Higher-Dimensional Categories (46k words). Of the technical reads I’ve read this year, this is the one I view as most aspirational, because of its clarity of exposition. Rough around the edges, lots of pictures. Prerequisites are “categories, functors, natural transformations and a little about limits and adjunctions,” which is about as much category theory as I’ll admit to knowing.
Our aim here is just as it was when we first sat down with our coffees: to shed as much light on the definitions as we can. These notes are by-and-large a record of our discussions and as such we lay no claims to completeness; we have simply included everything we found helpful along the way. We have chosen intuition over rigour wherever a choice seems to be required. This often means “waffle” over “concision” as we have aimed towards readable prose rather than elegant mathematical exposition that demands hours (or days) of reading and re-reading, sentence by sentence.
There Is No Right Way to Meditate (≈1k words). A pretty, short, and pretty short book about mindfulness. I’ll confess to having never had a formal meditation practice myself. Beautiful illustrations, pithy writing, comforting read.
Sometimes it’s okay if the only thing you did today was breathe.
How Buildings Learn (80k words). A classic which I read while working on my You don’t have to be a founder post, about how buildings are made to adapt over time. The potential analogies to software engineering abound. Probably where most people have heard of the legendary Building 20.
What does it take to build something so that it’s really easy to make comfortable little modifications in a way that once you’ve made them, they feel integral with the nature and structure of what is already there? You want to be able to mess around with it and progressively change it to bring it into an adapted state with yourself, your family, the climate, whatever. This kind of adaptation is a continuous process of gradually taking care.
The Dictionary of Obscure Sorrows (81k words). Has the same vibes as The Book of Human Emotions, which made my 2021 list. Somewhat similar format, with a five-ish page section on each sorrow, but is organized in chapters, making it slightly better suited for continuous reading than Human Emotions. Unlike Human Emotions, the words in Obscure Sorrows are mostly coinages; sonder perhaps the most famous.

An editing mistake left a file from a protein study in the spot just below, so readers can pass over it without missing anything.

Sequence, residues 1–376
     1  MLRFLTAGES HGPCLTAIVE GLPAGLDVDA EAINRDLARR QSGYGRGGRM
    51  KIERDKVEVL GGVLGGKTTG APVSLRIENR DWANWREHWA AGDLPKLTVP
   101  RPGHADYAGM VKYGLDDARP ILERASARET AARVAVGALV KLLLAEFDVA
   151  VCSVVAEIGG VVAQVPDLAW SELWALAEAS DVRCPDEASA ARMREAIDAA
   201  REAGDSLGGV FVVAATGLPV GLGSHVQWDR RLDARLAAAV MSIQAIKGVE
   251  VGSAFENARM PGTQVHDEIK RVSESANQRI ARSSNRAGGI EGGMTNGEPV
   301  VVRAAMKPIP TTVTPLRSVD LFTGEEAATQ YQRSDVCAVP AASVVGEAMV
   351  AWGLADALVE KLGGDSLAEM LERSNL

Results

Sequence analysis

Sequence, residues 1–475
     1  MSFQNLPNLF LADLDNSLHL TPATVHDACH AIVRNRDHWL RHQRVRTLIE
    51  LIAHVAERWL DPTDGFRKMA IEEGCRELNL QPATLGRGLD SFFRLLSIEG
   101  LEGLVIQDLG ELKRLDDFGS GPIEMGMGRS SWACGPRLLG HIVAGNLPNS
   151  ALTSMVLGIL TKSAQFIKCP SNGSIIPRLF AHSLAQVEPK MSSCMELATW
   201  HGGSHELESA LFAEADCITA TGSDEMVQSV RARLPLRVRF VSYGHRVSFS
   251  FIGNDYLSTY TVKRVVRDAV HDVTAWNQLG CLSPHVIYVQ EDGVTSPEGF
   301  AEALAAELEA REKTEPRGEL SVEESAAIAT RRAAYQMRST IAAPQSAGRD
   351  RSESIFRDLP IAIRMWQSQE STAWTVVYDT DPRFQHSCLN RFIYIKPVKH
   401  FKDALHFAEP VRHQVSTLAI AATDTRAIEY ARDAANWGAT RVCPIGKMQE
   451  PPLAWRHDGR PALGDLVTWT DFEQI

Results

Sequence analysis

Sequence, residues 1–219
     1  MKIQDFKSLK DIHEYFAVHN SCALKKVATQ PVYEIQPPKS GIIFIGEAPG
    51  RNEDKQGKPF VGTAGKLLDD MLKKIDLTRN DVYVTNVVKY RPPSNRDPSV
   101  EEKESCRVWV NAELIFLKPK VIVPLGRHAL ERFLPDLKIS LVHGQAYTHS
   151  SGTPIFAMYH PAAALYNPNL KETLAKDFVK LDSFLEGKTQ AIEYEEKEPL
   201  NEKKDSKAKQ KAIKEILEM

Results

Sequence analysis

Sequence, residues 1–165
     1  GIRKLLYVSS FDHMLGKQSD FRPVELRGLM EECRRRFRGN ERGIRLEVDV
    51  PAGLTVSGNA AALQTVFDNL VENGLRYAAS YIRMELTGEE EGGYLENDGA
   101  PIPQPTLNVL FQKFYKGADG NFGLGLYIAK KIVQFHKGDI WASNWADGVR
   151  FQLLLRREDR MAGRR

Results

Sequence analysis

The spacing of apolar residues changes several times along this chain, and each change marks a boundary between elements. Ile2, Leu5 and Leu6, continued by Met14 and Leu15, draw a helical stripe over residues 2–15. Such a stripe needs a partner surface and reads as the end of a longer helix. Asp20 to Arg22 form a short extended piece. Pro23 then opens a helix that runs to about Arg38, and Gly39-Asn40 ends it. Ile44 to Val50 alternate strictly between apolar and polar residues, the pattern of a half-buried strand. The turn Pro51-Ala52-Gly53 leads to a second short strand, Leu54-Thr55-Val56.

This is not a book about sadness—at least, not in the modern sense of the word. The word sadness originally meant “fullness,” from the same Latin root, satis, that also gave us sated and satisfaction. Not so long ago, to be sad meant you were filled to the brim with some intensity of experience. It wasn’t just a malfunction in the joy machine. It was a state of awareness—setting the focus to infinity and taking it all in, joy and grief all at once. When we speak of sadness these days, most of the time what we really mean is despair, which is literally defined as the absence of hope. But true sadness is actually the opposite, an exuberant upwelling that reminds you how fleeting and mysterious and open-ended life can be. That’s why you’ll find traces of the blues all over this book, but you might find yourself feeling strangely joyful at the end of it. And if you are lucky enough to feel sad, well, savor it while it lasts—if only because it means that you care about something in this world enough to let it under your skin.
The Rationality Community Sucks (643 words). This was shared so many times in my social circles that I had to share it again.
Standard Rationalist dinner conversation: Bob is talking about dumb people he met in his physics PhD in a fruitless attempt to address his insecurity, someone mentions a case of someone in the out-group being irrational, everyone laughs.